• The deposit obtained by the committee will be retained by the committee and Rs 800 therefrom disbursed to the auditor or firm of chartered accountants for the first time the accounts of a particular school need to be assessed by the auditor or firm of chartered accountants. For every repeat exercise, meaning studying the accounts of the same school from the second time onwards, Rs 500 per case will be paid to the auditors. The balance amount in the hands of the committee will be used for the purpose of secretarial and managerial services the committee may be required to obtain.
  • By November 30, 2020, the committee should indicate a dedicated e-mail account whereat the appeals against the decisions of the schools may be filed.
  • By November 30, 2020, the committee should indicate a dedicated e-mail account whereat the appeals against the decisions of the schools may be filed.
  • Every application made before the committee must clearly indicate the name and other particulars of the student involved and furnish the e-mail ID of the school and its Principal or the like for the committee to communicate with the school.
  • The committee must endeavour to dispose of every application within 45 days of the receipt thereof and the decision of the committee will be binding, subject to the relevant schools having a right to apply to this court in the present proceedings for the reconsideration thereof.
  • The quantum of fees to be charged for every month will be indicated by the individual schools on any website and the notice-boards of the schools and informed to Advocate for the petitioner in WPA 5890 of 2020.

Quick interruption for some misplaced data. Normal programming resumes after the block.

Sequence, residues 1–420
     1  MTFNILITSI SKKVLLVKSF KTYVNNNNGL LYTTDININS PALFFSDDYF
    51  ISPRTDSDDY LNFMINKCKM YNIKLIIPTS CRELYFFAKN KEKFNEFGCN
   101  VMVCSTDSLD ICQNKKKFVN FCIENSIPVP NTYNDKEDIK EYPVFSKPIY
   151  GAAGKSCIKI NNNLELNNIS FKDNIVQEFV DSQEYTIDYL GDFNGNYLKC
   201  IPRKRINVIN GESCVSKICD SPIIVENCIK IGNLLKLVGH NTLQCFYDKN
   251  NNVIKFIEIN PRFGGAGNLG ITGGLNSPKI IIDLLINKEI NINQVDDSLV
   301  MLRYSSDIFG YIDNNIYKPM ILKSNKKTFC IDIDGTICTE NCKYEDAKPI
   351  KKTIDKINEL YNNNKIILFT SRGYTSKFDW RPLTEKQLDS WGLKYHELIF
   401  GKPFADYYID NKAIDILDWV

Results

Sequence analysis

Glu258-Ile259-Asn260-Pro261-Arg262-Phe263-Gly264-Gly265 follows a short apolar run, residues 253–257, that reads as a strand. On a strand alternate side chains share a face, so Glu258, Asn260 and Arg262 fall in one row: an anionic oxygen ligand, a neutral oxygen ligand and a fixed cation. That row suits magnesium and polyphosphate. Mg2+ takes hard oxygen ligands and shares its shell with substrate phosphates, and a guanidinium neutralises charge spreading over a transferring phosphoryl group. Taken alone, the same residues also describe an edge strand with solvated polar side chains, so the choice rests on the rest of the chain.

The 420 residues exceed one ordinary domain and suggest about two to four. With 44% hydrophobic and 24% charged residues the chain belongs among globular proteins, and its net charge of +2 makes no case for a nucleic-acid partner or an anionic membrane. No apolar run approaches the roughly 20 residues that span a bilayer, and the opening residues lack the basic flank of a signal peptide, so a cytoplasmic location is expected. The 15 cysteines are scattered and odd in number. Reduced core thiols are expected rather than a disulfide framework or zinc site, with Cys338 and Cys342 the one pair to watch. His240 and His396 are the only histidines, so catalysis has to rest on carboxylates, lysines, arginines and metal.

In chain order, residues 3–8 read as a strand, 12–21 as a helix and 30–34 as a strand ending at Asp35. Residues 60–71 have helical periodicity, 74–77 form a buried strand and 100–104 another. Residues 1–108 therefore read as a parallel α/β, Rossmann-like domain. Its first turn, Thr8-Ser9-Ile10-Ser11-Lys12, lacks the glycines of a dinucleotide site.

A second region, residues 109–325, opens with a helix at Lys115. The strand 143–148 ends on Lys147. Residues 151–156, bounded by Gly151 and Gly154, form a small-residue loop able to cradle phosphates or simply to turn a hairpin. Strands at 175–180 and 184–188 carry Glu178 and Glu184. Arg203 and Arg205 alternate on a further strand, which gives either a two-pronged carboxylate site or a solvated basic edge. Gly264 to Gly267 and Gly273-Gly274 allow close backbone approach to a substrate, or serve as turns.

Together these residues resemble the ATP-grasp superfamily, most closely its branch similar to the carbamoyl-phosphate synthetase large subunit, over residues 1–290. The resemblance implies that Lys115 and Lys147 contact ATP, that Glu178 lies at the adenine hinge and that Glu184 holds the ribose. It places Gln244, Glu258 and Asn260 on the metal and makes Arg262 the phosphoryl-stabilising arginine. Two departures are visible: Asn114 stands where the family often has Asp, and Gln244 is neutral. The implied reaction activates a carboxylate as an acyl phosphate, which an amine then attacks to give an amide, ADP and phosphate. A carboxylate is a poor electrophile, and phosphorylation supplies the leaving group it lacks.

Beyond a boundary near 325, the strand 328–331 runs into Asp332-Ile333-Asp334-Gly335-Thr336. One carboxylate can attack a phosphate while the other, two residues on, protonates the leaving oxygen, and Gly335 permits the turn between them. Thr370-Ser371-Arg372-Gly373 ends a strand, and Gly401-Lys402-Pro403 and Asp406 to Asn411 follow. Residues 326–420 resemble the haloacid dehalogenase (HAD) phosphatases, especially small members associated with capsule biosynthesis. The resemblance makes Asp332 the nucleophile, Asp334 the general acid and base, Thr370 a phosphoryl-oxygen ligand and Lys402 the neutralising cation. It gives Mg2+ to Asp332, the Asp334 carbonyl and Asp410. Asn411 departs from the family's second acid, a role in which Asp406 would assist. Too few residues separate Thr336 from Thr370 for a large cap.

• By November 30, 2020, the fees payable in terms of this order for the period up to November 30, 2020, should be tendered on behalf of all students.
  • With effect from December 8, 2020 all schools will be entitled to disallow students whose fees have not been paid in full in terms of this order and those who have not applied for reduction or waiver or the like. However, schools should ensure that this extreme step is taken only after exercising due care and caution.
  • No student will be entitled to apply for a transfer certificate without the full quantum of fees in terms of this order being first discharged.
  • Fees payable by students to boards for examinations or otherwise shall have to be paid in addition to the monthly fees and other charges in terms of this order and no waiver or reduction of the fees or charges payable to the boards may be sought or granted.
  • There will be no refund of the fees already paid.
  • The expenses incurred for developing the infrastructure of the schools should not be passed on to the students during the current financial year, though it will be open to recover the same from the students from financial year 2021-22 onwards, if the physical functioning resumes by March 31, 2021.
  • The cap of five per cent of the revenue over expenditure for the year 2020-21 will be subject to the exception that it may exceed the five per cent only if the general reduction afforded to the parents is not availed of by any of the parents and no student in financial distress has been denied additional concession despite being worthy.
  • No unusual expense should be incurred during financial year 2020-21 and no development or infrastructure expense should be incurred unless absolutely unavoidable.
  • Above directions for any form of concession will not apply to any of the 145 schools where the average monthly fee (calculated on an annual basis over the year from April, 2020 to March, 2021) is less than Rs 800. However, such schools may voluntarily take such measures as deemed fit.
  • The other private unaided schools in the State should also abide by the directions mutatis mutandis, particularly since the matter has been heard extensively and as public interest litigation.